There was a valid gift of shares of stock by a woman to her husband where it appeared that she, intending to make such gift by transferring the shares to him, signed a stock power in blank and gave it to the attorney for the corporation, who already had possession of her stock certificate, that he put the stock power with the certificate and held them as the property of the husband, and that he made out a transfer certificate stub for the husband although he did not fill in the transfer certificate. 
On the issue whether a wife had made a gift of shares of stock in a corporation to her husband, a record of a liquor license application signed by them and indicating him as owner of the shares and her as prior owner was relevant and properly admitted in evidence to show her intent in transferring the shares to him shortly after the application. 
BILL IN EQUITY filed in the Superior Court on April 6, 1966.
The suit was heard by Tomasello, J.
John J. Perenyi for the plaintiffs.
James L. Kenney for the defendant.
WHITTEMORE, J. The plaintiffs have appealed from the final decree of the Superior Court which, although it ordered, as the bill in equity prayed, that the books, records, and stock certificate records of The Berkeley, Inc. be turned over by the defendant to the plaintiff Mildred P. Teebagy, decreed that all the capital stock (thirty shares) in that corporation, also sought under the bill, was the property of her late husband, Albert, at the time of his death. The evidence is reported.
The issue is whether acts of Mildred in April, 1965, transferred the thirty shares to her husband. Certain of the findings are not supported by the evidence. We find on the evidence and exhibits as follows: The stock certificate book and a stock certificate, dated March 3, 1964, certifying that the thirty shares were owned by Mildred were held by the defendant. He was the attorney for the corporation. He held the stock certificate for Mildred. In April, 1965, Albert was ill and in the hospital. Mr. Brettler in that month called on Mildred and obtained her signature on a blank stock power. We infer that he told her that this was to transfer the thirty shares to Albert. Mildred signed it intending thereby to transfer the shares to Albert. She intended it as a gift wanting Albert to have it ("I loved my husband, and I did what he told me"). Mr. Brettler put the stock power with the certificate. He filled in a transfer certificate stub for "Albert E. Teebagy" "For -- 30 -- Shares," but did not fill in the stock certificate.
We infer that Mr. Brettler was acting for Albert in obtaining the signature on the stock power. In signing it and delivering it to Mr. Brettler with intent that it should transfer the shares to Albert, Mildred authorized him to complete the transfer, and to hold the certificate and stock power as the property of Albert. He did so hold them. Wilson v. Jones, 280 Mass. 488 , 495-496. See Monaghan v.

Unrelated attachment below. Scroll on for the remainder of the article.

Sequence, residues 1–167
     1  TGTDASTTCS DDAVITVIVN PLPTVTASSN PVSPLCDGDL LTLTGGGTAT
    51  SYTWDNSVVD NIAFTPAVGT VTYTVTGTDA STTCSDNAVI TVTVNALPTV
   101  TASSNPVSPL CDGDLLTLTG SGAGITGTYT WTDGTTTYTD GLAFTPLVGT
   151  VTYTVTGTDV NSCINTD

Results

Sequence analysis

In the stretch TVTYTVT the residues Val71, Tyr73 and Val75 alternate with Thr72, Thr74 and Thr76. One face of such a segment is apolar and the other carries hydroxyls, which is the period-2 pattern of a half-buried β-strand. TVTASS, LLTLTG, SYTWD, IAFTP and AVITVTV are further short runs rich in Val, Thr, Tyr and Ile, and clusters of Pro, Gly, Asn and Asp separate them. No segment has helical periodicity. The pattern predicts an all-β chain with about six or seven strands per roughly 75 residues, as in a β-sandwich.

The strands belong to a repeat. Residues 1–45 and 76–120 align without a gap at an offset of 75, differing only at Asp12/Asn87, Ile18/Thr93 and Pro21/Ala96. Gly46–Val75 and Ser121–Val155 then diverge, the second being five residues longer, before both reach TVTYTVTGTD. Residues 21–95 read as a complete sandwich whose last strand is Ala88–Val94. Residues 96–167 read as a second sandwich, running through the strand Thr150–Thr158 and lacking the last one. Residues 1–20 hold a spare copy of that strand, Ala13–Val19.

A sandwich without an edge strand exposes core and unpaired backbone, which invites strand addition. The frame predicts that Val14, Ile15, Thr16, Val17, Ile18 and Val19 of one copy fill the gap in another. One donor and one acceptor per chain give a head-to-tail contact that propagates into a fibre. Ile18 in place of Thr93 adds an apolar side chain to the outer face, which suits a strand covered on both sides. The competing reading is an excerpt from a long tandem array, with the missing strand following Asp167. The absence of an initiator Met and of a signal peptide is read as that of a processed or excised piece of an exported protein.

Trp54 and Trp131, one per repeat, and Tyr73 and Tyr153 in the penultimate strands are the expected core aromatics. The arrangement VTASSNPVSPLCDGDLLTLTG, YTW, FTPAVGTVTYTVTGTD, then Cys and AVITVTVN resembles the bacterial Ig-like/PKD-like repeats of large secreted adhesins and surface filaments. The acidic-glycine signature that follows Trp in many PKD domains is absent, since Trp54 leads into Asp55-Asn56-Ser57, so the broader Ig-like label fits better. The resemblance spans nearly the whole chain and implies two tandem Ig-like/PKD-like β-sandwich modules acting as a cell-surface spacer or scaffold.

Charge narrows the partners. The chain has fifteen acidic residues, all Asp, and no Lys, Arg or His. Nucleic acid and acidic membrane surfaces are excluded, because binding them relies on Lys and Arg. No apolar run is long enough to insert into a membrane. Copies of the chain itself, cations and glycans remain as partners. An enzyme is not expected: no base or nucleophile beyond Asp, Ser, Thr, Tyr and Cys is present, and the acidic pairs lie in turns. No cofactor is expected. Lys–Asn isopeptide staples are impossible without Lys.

Monaghan, 320 Mass. 367 , 369; Murphy v. Killmurray, 324 Mass. 707 , 709-710; Silverman v. A. & L. Heel Corp. 353 Mass. 108 , 110-111. There was here, in the words of the Monaghan case, "a settled donative intention . . . together with an actual or symbolic delivery of the subject matter . . . to someone in . . . [the donee's] behalf in such manner as completely to transfer the dominion and control of it." See G. L. c. 106, Section 8-313, as amended through St. 1963, c. 188, Section 19, "(1) Delivery to a purchaser [includes donee by Section 1-201 (32)] occurs when (a) he or a person designated by him acquires possession of a security." Compare Johnson v. Johnson, 300 Mass. 24 , 29 (ineffective transfer by delivery of written assignment without the certificate). See Edgerly v. First Natl. Bank, 292 Mass. 181 , 185-186 (a signed stock power with the name of transferee and the description of the stock left blank, is insufficient to transfer to pledgee title to the stock with which it is delivered unless the person delivering the stock power to the pledgee had actual authority to make it apply to the certificate of stock). It was not necessary for Mildred to take the certificate from the attorney and hand it back to him with instructions to hold it for Albert. The delivery of the stock power with the intent, made manifest to the attorney, thereby to relinquish and transfer dominion was enough to make a valid inter vivos gift.
The judge admitted records of a liquor license application of March 15, 1965, signed by Mildred and Albert, which showed Albert as the owner of the shares and Mildred as the prior owner. This of course did not operate as a transfer of the shares; it did, however, confirm Mildred's intent in April, 1965, and the admission of the record was not error. The hiatus as to dates is consistent with an intent not carried out by the defendant until April that the stock be transferred in March or earlier.
The final decree is affirmed.